Category: Jewish Thought, Theology, and Machshava

Blame Rabbis For Agunot, But For The Right Reasons

The following essay is derived from two recent classes/podcasts Understanding the Agunah Problem and Solutions to the Agunah Problem. These classes include several of the primary sources referenced below

Introduction

The protracted divorce battle between Aharon Friedman and Tamar Epstein is the most publicized case of agunah in recent memory. An aggressive campaign led by the Organization for the Resolution of Agunot (ORA) capitalized on Mr. Friedman’s relatively prominent status as a congressional aide for David Camp. The efforts of numerous online and personal protests eventually led to mainstream media coverage from outlets such as Fox News, The New York Times and Politico which called national attention to Mr. Friedman’s refusal to grant his wife a halakhic divorce. As with virtually all cases of agunah, the recalcitrant party is vilified with public condemnations and communal pressure to acquiesce.[1. While the majority of agunot are women whose husbands refuse to give their wife a get, it is not impossible for a woman to be obstinate in agreeing to be divorced. Rarely does the husband in these cases elicit the same sympathy as a woman who is an agunah who is only “chained” due to the inherent inequality in the halakhot of divorce which require the husband to willingly issue the divorce while the wife’s consent is not needed, nor can she initiate the divorce (M. Yevamot 14:1).] When the specific goal is obtaining the immediate divorce, it is a relatively simple matter to identify the party responsible for obstructing the process and to protest accordingly. Others, however, find fault with the halakhic system, and in a desire to change the status quo identify other sources of blame.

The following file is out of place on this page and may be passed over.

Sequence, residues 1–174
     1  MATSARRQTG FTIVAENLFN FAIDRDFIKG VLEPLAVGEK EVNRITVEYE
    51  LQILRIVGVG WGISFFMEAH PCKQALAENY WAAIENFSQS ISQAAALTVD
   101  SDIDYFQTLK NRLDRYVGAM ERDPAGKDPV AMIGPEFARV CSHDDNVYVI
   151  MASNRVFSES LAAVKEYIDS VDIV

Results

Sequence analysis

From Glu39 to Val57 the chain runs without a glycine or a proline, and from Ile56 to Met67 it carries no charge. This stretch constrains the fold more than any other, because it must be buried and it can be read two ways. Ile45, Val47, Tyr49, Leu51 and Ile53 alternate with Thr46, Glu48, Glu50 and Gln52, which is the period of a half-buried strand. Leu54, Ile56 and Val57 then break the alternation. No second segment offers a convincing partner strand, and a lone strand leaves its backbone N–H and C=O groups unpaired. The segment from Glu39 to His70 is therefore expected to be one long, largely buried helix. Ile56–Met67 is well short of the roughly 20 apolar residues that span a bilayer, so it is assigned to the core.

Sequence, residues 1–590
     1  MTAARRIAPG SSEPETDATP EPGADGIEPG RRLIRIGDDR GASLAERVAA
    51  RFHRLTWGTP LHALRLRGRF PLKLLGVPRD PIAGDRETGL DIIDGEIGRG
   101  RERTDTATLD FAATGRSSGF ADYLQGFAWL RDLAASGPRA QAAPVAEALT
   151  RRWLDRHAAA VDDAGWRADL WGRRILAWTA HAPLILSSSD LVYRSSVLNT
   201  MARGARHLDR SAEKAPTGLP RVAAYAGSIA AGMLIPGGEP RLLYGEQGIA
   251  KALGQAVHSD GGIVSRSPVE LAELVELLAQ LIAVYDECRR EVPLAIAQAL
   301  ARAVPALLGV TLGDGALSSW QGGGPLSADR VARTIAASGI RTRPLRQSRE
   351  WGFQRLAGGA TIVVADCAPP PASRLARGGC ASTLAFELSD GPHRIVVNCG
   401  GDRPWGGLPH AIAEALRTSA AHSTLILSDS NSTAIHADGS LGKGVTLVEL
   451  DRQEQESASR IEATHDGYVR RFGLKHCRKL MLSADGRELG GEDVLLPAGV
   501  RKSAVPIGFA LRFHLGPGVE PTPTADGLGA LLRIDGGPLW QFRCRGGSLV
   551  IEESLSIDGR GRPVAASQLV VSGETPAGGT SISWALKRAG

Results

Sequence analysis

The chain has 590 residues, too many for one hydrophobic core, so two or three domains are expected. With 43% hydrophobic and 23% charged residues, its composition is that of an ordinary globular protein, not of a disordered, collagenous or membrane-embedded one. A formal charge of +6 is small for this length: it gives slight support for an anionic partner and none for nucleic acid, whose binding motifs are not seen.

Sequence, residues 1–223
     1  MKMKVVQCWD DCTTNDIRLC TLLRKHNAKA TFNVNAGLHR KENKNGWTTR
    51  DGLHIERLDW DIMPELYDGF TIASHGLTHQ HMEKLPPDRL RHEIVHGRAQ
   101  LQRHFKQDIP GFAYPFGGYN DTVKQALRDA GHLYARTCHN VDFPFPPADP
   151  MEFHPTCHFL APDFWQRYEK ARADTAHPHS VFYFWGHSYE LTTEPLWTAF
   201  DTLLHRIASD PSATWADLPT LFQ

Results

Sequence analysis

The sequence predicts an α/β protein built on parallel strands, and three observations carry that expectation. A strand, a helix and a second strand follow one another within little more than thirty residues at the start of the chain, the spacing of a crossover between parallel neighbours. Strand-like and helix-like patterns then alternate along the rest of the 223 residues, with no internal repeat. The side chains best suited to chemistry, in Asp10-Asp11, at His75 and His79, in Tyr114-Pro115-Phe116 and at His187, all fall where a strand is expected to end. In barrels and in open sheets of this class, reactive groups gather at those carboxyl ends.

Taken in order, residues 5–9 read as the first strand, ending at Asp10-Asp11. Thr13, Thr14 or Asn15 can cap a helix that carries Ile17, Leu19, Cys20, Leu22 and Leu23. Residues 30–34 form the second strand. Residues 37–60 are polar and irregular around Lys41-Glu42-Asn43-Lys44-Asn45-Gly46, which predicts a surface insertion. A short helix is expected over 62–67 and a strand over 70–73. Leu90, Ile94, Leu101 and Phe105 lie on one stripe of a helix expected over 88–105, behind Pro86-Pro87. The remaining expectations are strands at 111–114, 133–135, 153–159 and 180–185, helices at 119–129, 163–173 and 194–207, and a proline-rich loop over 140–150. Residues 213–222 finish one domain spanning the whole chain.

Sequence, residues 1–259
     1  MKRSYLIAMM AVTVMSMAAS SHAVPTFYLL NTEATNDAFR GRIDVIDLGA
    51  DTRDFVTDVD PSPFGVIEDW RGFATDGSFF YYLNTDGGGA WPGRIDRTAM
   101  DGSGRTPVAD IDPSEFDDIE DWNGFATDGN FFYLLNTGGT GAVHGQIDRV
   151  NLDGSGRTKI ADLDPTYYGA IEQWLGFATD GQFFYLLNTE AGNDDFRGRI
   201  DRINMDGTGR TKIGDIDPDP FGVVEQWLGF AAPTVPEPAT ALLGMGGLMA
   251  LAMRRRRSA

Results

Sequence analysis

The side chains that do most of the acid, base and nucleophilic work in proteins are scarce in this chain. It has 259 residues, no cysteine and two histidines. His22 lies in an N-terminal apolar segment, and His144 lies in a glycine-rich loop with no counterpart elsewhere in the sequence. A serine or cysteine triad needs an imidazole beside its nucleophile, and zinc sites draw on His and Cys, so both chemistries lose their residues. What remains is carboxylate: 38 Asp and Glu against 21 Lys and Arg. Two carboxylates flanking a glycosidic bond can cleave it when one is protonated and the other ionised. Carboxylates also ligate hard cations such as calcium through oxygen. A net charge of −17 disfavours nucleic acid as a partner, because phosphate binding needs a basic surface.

In a recent Forward blog post titled “On Agunah Issue, Pressure Rabbis, Not Rep” Dvora Myers argues that the plight of agunot is not only the fault of a recalcitrant husband, but of the Rabbis for creating the regulations in the first place.

However, if withholding a get constitutes abuse, if the husband is indeed brandishing a psychological weapon and threatening his wife with it, then the question that should be asked: How did the gun get into his hand?

The answer is clear: It was put there by Jewish law, the rabbis who formulated it, and the rabbis who refuse to amend it.

Myers’ understanding of Jewish law is informed by Blu Greenberg’s famous dictum, “where there’s a rabbinic will, there’s a halakhic way,” thus placing the burden of agunot squarely with the Rabbis. Ultimately Myers concludes,